Eye problems and a new rash on my face
Then things started changing around the 5th injection. In February, I started experiencing the side effects. First were my eyes (severe conjunctivitis). My eyes became so sensitive to light that I had a hard time to open them in the morning.
I couldn’t work, because the computer made them even more irritated. They were so red and painful, that I was more like a zombie than human. The treatment proposed by my ophthalmologist didn’t bring me the relief I was craving for. My vision was deteriorating.
Soon I started experiencing joint pain. There were days I couldn’t open a bottle of water.
Allergic reaction to Dupixent
Next, a weird, red rash appeared on my face. It was different than eczema because it didn’t itch. It reminded and felt more like a sunburn. My skin was swollen and hot. The rash was spreading fast and soon it covered my neck, the upper part of my chest and back.
My doctor was puzzled because none of the treatment worked. We tried antibiotics and anti fungal drugs, but the rash was still there. During this period, I kept injecting Dupixent and one day it hit me: my rash gets more intensive just after the shot… We did a biopsy. My doctor took a piece of my skin from my neck and send it to the laboratory. After 7 days we had the answer: very strong allergic reaction to Dupixent.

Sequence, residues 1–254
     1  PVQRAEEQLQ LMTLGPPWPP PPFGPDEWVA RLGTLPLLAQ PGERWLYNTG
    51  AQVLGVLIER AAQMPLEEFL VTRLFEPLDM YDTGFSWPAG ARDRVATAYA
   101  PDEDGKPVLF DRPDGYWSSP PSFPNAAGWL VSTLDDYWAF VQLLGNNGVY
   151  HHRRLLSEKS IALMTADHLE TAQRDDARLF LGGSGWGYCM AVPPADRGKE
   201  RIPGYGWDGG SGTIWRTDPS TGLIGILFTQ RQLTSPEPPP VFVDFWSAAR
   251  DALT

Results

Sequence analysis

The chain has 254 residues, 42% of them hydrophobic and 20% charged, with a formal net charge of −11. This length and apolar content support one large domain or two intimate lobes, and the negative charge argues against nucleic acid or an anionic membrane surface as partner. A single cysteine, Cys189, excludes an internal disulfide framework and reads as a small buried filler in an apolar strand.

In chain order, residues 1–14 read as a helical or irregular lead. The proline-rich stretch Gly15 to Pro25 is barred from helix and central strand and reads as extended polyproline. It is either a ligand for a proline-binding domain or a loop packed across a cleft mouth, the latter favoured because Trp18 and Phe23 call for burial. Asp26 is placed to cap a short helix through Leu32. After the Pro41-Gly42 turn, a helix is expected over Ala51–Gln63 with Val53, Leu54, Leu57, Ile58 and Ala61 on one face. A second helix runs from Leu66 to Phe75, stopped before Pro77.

Heartbroken and disappointed
The moment I heard this my heart broke in gazillion pieces. Obviously, I decided to stop the treatment. All the hope I put into this drug turned into the biggest disappointment of my life.
I broke down like never before. For the first time in my life, I couldn’t put myself together. The days were passing by and I couldn’t stop crying. Until one day my hubby told me he can’t look at me suffer and lose my life any longer and encouraged me to seek help.
Seeing a therapist
I feel very blessed because my family doctor recommended me a great psychotherapist, who is dermatologist in the same time and who dedicated her whole life to study the emotional and psychological impact of skin conditions on patients and their quality of life.
From the very first visit, I knew we took the right decision. She suggested art therapy. That time I was already working on FEEL GOOD COUTURE™ and I felt it had a soothing effect on me, so soon my side project became my therapy.
Accepting that there is no miracle drug or cure for eczema
Slowly I was feeling better and stronger every single day. At the moment of writing, it’s been almost a year since I stopped Dupixent.
My skin is not perfect, but the extent of my eczema before the hospitalization, has never came back. Since I exhausted all my medical options, I had no other choice than to listen to my body and change the habits that were not serving me.
Although Dupixent didn’t turn out to be my miracle drug, I don’t regret trying it. I learned an important lesson: there is no miracle drug that will work for everybody. Eczema is a tricky beast and requires personalized treatment. Knowing your body well and avoiding the triggers is probably the best way to keep your skin calm. At least until your miracle drug appears on the market.
Share your experience with atopic dermatitis treatment.
On an average day, how would you rate your level of anxiety related to atopic dermatitis?